No cartel`s role in alleged garlic hoarding
Selasa, 02 April 2013 | 10:18
Agriculture Minister Suswono denied suspicion that a cartel had been involved in an alleged hoarding of imported garlic at the container terminal of Tanjung Perak Seaport (TPS) in Surabaya, East Java, recently. However, the minister said if there were still containers of garlic being held at the container terminal, it could be suspected that a cartel had been involved in it.
"If there were still containers of garlic held at the terminal, it could be suspected that there is a cartel`s role played by businessmen," the minister said here on Monday.
He said that if there were still containers being held at port`s terminals it meant there were unhealthy practices.
"Therefore, I am going to make it sure whether there are still containers there. I will visit directly the TPS in Surabaya," the minister said.
The suspicion of cartel`s practices came up to the surface after the customs officials found a change in the data of the containers` manifest.
There was a change in the number of containers in the manifest from 363 to 332 containers of garlic. The number was part of the 667 containers of horticultural products which were piled up at the container terminal.
A total of 29 containers have been released by the terminal after the completion of their documents on March 18, 2013.
It was followed by the release of 41 others after the completion of their documents.
But now about 200 containers have not yet been completed with the necessary documents.
Since early this year, the price of onions including garlic, has been increasing as domestic markets are facing scarce stocks.
Prompted by scarcity in supply and soaring price of garlic the government said it would boost the country`s production of the food commodity.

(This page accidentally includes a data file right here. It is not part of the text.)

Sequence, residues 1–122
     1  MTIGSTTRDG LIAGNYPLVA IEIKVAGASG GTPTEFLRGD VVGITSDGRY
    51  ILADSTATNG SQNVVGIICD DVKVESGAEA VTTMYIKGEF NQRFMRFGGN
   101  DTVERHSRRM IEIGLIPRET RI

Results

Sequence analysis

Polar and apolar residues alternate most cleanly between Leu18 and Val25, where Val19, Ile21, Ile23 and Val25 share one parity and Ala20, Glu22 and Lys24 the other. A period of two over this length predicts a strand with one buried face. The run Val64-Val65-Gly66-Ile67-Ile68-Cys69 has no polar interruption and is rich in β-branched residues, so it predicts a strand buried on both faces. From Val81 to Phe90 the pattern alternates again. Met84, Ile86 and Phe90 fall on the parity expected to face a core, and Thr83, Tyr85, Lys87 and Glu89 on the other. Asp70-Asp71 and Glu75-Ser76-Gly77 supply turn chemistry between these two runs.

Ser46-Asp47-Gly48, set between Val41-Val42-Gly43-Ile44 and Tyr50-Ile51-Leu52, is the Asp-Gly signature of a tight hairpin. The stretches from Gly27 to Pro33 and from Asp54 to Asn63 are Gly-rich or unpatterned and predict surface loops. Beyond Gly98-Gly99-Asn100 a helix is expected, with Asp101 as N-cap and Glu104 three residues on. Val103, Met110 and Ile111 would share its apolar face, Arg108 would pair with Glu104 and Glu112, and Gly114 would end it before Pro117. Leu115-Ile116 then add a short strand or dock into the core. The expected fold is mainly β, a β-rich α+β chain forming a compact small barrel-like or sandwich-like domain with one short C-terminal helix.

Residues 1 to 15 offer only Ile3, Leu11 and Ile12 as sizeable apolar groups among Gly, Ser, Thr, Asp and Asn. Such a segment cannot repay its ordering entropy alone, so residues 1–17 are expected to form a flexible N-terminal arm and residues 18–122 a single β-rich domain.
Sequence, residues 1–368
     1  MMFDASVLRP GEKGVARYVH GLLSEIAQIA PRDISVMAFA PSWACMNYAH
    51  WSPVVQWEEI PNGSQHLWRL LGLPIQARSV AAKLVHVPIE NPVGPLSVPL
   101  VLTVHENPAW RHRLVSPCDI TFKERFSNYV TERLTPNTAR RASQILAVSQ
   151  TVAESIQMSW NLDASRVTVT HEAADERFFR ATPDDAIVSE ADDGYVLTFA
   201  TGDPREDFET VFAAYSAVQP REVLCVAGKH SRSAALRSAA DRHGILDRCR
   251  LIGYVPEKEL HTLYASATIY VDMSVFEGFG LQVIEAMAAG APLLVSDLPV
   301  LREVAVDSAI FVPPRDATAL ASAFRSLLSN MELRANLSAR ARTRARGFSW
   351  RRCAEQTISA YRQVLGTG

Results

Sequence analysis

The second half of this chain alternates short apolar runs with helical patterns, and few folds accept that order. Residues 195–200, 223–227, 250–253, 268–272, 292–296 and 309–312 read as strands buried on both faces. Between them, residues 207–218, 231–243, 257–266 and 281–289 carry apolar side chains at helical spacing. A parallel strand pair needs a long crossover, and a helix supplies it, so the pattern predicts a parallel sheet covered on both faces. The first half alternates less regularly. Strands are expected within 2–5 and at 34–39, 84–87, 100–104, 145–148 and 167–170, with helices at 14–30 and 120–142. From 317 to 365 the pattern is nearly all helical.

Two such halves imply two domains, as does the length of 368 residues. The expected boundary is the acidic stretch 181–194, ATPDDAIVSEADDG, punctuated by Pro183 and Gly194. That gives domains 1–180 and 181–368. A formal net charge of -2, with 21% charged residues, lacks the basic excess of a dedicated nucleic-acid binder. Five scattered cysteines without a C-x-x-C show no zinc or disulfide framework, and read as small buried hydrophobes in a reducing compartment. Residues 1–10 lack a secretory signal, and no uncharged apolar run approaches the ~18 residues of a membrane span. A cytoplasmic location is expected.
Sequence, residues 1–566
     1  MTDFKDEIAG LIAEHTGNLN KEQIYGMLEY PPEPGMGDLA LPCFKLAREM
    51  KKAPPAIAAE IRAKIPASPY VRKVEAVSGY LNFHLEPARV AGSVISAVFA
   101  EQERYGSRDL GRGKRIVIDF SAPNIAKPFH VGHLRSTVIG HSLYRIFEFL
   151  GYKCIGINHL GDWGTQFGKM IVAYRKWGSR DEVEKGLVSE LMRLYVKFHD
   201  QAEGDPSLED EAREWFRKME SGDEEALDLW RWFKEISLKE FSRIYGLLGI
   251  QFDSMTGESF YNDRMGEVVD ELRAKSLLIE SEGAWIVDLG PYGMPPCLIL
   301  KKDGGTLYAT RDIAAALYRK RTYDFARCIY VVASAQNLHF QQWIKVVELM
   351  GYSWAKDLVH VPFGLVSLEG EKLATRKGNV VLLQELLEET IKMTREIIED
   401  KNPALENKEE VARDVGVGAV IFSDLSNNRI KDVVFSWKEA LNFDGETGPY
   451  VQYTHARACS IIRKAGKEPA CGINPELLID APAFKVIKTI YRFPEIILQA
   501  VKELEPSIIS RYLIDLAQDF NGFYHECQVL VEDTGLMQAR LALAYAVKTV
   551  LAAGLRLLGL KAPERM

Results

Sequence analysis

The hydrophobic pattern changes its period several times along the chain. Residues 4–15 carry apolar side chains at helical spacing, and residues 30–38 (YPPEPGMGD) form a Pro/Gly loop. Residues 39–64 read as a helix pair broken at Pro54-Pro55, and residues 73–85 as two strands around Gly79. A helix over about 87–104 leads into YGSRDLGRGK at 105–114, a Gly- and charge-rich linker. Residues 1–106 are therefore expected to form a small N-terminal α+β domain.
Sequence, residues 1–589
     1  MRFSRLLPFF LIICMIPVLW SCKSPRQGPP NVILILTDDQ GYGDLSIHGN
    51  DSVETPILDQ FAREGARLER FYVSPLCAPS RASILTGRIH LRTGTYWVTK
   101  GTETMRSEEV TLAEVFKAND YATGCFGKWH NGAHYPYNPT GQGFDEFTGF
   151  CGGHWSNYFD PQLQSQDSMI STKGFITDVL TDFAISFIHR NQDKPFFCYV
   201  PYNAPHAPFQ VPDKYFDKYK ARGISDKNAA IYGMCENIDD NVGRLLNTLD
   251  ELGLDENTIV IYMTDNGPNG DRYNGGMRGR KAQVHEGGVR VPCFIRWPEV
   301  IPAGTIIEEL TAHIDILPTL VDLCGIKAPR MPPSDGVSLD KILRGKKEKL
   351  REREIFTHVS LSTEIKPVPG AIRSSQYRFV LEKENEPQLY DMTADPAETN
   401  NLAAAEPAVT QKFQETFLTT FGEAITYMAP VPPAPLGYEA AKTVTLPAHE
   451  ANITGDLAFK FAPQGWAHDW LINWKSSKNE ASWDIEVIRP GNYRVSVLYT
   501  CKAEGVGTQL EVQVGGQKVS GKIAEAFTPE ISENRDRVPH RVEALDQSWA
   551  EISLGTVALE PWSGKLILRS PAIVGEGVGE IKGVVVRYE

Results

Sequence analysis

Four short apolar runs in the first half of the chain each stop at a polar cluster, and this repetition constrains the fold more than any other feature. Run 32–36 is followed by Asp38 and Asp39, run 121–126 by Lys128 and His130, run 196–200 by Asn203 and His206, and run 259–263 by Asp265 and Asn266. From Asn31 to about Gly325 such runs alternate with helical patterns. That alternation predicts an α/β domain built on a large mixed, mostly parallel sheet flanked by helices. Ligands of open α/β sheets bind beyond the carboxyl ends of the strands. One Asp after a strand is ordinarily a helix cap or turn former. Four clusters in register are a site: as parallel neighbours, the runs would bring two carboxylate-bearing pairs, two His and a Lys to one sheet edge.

The government is set to expand the country`s garlic plantations by 2,000 hectares per year in a bid to meet growing domestic consumption and market demand, Minister Suswono said in West Java over the weekend.
"With the program in the next several years, the country would again have 20,000 hectares of garlic fields," Suswono said.
Indonesia once had 20,000 hectares of garlic fields, but most farmers stopped growing garlic after the market is allowed to be flooded with import, he said.
Farmers grew their lands with other more profitable crops, resulting in shrinking production of garlic from year to year, he said, giving no figure.
"Garlic growers in Indonesia are small farmers or landless farm workers. They could not be expected to compete with foreign growers who have large land and use high technology," he said.
He said the majority of farmers in the country have only around 0.3 hectares of farm lands each.
He said the government hopes to provide more land for garlic plantations in the next several years.
"The agriculture ministry has a target to continue to expand garlic fields from year to year," he said.
He said the government will provide high yield seed variety for the farmers.
He then calls for slapping high import duty on garlic to prevent imports from flooding the domestic market and to make local garlic more competitive on the domestic market.
"Imports should be made to make up for shortage in supply on the domestic market," he said, adding,"we hope local should remain dominant in the market.
He said farmers would grow crops if they hope to profit from it, therefore, incentives should be provided.
Indonesia was once self sufficient in garlic supply but now the market is dominated 90% by imports.